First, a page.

Wednesday, April 26, 2017


     No, that is not a synonym for “I got nothin’.” Not exactly, anyway.

     1. Old Nazis, New Nazis.

     The Sturmabteilung “Brownshirts” that so greatly assisted Hitler and the Nazis to power in 1930s Germany were brawny men. Indeed, Ernst Rohm would have no other kind. He didn’t much care what else they were: criminals, drug addicts, homosexuals, child molesters, and other categories of unsavory deviant were quite welcome in the SA’s ranks as long as they could and would thrash the opposition.

     Today’s Nazis – AntiFa, Black Bloc, and allied organizations – have somewhat less stringent admissions requirements:

     ...which is probably why, after their most recent humiliation, they’re contemplating not disturbing Ann Coulter’s visit to Berkeley tomorrow:

     Applause to Oregon Muse at AoSHQ. The tempora surely do mutantur, don’t they just?

     2. Frontiers In Officialese.

     I’ve long since thrown up my hands over the inability of contemporary Americans to compose a syntactically correct sentence. It’s been obvious in our casual communications for some time, but never before has it been quite this blatant in an official statement:

     CHARLESTON, SC (WCSC) – A Lowcountry police department has formally taken a stance on a Senate bill which, if passed, would allow anyone who can legally purchase a gun to carry it in the state openly or concealed.

     The Charleston Police Department tweeted an update on its Twitter account Monday night sharing the department’s opinion on Senate bill S. 449 reading in part:

     “Please understand what this bill creates – the ability for anyone who can legally purchase a firearm, many who have not completed a background check to determine whether or not they are prohibited purchasers due to the location and manner of the transfer or received any type of training, to walk our streets and neighborhoods with a handgun on their hip, in a bag, or under their jacket without any review or training.”

     I’m floored. Did that really come from a departmental opinion? How large is the department? Is its funding adequate? Are its employees paid? Is there no one among those employees, their spouses, their friends and relatives, or their neighbors to whom they could have recurred for help with this travesty?

     Great God in heaven! It’s no wonder every one of my supervisors regularly praised my writing and sent any communication intended for the eyes of higher-ups to me for a prior review. It’s also no wonder so many “police” don’t know the laws they’re supposed to enforce. They can’t read the ones written in good English. As for the others...need I say more?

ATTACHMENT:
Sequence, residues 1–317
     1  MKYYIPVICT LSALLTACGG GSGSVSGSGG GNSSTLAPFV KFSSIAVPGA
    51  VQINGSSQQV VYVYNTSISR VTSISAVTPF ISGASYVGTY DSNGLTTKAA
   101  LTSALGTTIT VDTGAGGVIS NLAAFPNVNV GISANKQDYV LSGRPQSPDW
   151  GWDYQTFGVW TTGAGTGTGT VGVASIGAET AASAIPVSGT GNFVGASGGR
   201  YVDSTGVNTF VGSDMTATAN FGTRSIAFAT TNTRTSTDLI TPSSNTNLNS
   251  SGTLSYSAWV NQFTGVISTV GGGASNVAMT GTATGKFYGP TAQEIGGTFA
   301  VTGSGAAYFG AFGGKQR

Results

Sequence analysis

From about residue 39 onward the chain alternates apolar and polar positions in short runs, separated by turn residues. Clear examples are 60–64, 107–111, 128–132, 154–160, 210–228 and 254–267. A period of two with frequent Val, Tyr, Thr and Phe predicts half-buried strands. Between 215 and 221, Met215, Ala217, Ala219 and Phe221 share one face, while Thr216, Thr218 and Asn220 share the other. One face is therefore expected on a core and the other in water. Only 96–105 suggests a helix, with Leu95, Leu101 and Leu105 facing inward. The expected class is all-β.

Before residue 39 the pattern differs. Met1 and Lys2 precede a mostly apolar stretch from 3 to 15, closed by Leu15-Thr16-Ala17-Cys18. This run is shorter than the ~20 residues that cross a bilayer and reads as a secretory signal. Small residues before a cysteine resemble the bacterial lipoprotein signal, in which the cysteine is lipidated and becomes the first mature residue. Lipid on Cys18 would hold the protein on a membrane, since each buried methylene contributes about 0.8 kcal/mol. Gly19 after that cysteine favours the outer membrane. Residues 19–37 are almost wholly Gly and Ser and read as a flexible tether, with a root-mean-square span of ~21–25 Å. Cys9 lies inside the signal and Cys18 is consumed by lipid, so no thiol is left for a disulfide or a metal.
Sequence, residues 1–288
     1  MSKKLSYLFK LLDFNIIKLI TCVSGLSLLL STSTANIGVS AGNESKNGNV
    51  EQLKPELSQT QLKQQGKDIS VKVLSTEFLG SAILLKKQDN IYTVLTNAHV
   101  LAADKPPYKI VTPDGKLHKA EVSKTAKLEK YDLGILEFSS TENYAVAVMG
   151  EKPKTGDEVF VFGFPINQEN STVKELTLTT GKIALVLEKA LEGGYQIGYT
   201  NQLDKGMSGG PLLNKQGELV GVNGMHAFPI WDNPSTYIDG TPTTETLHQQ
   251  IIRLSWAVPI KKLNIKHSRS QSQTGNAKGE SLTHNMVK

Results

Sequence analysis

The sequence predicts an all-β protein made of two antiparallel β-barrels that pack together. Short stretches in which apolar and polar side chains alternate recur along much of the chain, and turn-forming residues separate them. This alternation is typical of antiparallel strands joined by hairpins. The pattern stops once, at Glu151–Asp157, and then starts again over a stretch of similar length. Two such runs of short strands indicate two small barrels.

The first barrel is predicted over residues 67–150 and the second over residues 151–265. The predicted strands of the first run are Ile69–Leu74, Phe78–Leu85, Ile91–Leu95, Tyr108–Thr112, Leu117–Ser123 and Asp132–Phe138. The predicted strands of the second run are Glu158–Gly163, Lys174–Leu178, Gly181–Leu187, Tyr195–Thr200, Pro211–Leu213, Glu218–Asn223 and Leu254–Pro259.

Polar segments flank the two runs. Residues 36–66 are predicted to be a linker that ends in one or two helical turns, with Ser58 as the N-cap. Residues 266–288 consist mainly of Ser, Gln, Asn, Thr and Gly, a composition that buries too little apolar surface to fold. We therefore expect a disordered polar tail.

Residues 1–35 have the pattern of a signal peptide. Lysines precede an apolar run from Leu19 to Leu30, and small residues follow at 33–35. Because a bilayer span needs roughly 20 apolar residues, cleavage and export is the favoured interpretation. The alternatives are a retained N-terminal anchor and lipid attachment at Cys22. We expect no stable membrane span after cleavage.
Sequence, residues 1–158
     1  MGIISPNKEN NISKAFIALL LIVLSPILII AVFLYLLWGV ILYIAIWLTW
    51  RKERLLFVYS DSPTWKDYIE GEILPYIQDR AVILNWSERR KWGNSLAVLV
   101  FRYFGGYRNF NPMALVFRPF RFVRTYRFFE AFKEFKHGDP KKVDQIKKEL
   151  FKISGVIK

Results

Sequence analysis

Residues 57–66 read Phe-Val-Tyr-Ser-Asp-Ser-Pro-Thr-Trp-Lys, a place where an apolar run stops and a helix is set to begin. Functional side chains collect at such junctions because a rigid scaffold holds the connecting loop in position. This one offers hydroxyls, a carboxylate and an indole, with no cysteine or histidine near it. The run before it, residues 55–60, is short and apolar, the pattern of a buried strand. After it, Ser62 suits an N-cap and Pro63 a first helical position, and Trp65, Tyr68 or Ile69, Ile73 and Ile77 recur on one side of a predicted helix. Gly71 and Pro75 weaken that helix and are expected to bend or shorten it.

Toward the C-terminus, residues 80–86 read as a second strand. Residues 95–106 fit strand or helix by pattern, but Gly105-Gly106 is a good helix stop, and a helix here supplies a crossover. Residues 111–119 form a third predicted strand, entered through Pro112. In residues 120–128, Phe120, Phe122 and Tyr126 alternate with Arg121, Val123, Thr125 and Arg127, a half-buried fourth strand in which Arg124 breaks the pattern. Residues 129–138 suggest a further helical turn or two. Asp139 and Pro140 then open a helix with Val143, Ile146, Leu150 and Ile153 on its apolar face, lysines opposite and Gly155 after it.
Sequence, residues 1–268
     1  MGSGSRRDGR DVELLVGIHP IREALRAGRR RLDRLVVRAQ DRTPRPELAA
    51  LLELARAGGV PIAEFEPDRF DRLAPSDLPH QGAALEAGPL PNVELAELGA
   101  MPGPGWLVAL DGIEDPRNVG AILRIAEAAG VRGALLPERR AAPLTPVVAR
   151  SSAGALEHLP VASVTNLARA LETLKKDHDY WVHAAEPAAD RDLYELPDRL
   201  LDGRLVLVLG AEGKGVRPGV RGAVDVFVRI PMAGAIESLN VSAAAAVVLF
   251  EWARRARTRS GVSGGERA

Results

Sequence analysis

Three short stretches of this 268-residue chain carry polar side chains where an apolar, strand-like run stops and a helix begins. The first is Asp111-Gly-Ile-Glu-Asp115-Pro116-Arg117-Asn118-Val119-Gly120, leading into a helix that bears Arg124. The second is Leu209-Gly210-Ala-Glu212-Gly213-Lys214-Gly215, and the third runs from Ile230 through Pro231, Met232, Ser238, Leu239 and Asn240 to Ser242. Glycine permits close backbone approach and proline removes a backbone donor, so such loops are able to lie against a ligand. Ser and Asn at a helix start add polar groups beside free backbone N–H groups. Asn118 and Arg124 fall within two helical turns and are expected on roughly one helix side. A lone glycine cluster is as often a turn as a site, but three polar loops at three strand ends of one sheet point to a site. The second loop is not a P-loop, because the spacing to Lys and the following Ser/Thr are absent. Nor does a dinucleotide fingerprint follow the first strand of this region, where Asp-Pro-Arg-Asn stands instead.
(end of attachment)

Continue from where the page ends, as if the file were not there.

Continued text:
By the way, it would be wrong to blame South Carolina’s educational institutions. The problem is just as bad at more northern latitudes.

     3. Handling Time In A Fictional Narrative.

     While we’re on the subject of good writing, here’s a little something for the other indie fiction writers who read Liberty’s Torch: The handling of time in narrative passages is not the same as in dialogue passages. The awkwardnesses produced by mishandling time are seriously disturbing to reader flow. They’re also easily avoided.

     The problem arises because the overwhelmingly most common narrative technique for relating story events is what’s usually called fictional past. The story is told as something that has already happened, not as happening as the reader reads about it. But many an indie writer will fail to treat the narrative consistently. This is especially prevalent in stories told by a first-person narrator. Here’s a typical case (remember, this is narrative, not dialogue):

     I wanted to upgrade the defenses, but I had too much else to do just now.

     “Just now?” When is “now?” Is it the moment at which the story is being told, the moment at which the reader is reading it, or the moment being described within the story itself? The diction is jarring, to say the least. It should have been:

     I wanted to upgrade the defenses, but I had too much else to do just then.

     Alternately, “at the moment” would work. The point should be easy to grasp: In a narrative passage, events and times embedded in the story must employ time-expressions compatible with the ones used to tell the story: present-tense and present-time for dialogue and third-person interior monologue; past-tense and past-time for narration and a first-person narrator’s interior monologue.

     Please, please, fellow indies: As this is an easily avoided fault, please avoid it!

     That’s all for today, Gentle Reader.


Anonymous said...

That first twitter (?) excerpt was hilarious. What a lot of drivel and an easy way to excuse yourself from the hard work of attaining and maintianing physical fitness. Snowflakes indeed.

Reminds me of a line from an article I read some years ago. The author stated that when a group of Marines go to a restaurant in the DC area it looks like the Schwarzenegger family visiting a mushroom farm.

Thanks for the laugh!

Col. B. Bunny said...

Please, God. Not anti-fascist poetry readings. The left has sunk to a new low.